For years, the degree was under a guise of the humanities department, so while the education remains the same, students can graduate from UTPB with the same degree title as other college graduates.
"There's a little more reality to it. What we were doing before it looked like a duck, but it wasn't quite a duck. Now we've got it right. Our duck quacks like a duck and it's all wonderful," Keast said.
The program's first two graduates will walk the stage this December wearing pink tassels (pink is the academic color for music).
Daniel Guerrero, 23, is a senior music student at UTPB who will wear his pink tassel next fall. He's an Odessa product and learned how to play the trumpet in ECISD schools. His love of music really started in seventh grade when he joined the band. From there, he went to Odessa High and Odessa College studying with trumpet player and his former private instructor Erik Baker.
Upon his arrival to UTPB, Guerrero did worry about how a humanities degree with a focus in music might look to future employers.
"How is this going to work on a resume?" Guerrero said.
He said the connections that Keast and other professors have in the community, coupled with the education he's received, set him up for landing his first band director job.
"Having a bachelor's of music is one more notch in the belt for UTPB," Guerrero said.
Hohstadt said the program has a snowball's momentum, with a trifecta of an explanation to support that statement.
Firstly, the administration is gifted, Hohstadt said.
Keast has a penchant for "creative administration," Hohstadt said.
"There's no sitting on your laurels. You must work hard for everything you get. He's a natural. It's one of the reasons we've grown so quickly," Hohstadt said.
Secondly, Wagner No l is one of the finest performing arts centers in the world, and the music department is attached. Chairs of the Midland-Odessa Symphony and Chorale are actually the instructors for music students.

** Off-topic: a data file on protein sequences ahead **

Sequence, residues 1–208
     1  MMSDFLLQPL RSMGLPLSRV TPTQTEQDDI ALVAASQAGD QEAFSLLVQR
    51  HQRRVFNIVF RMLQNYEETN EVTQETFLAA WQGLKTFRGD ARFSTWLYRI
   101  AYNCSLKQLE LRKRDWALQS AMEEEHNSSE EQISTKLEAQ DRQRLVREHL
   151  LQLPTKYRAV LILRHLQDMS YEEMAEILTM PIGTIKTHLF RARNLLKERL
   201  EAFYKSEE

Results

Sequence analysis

"A ready-made faculty, so inch by inch we can grow our own. It's a real blessing very few music programs have," Hohstadt said.
Thirdly, the public school system is known for its level of excellence in music education. Hohstadt, who's been closely connected to UTPB for six years, is the Philharmonic Orchestra director, an international symphony conductor, author, recording artist, composer and soloist. He has a far reach and is familiar with programs across the U.S.
"Years ago, a couple of local band directors decided they wanted the best in the whole state of Texas. That was a pretty boastful thing, but the amazing thing, they actually did it," Hohstadt said.
That brought everyone's game up.
"These two little cities, through the influences, set it for the whole nation," he said.
The future is wide open for the program that has 25 in the major, but 536 in music lessons and music classes at UTPB -- a 40-person increase from 2012.
The online courses are growing in popularity as UTPB counted its 5,000th student this semester setting an all-time record for enrollment.
Follow reporter Lindsay Weaver on Twitter @OAschools.
--Contact Lindsay Weaver on twitter at @OAschools, on Facebook at OA Lindsay Weaver or call 432-333-7781.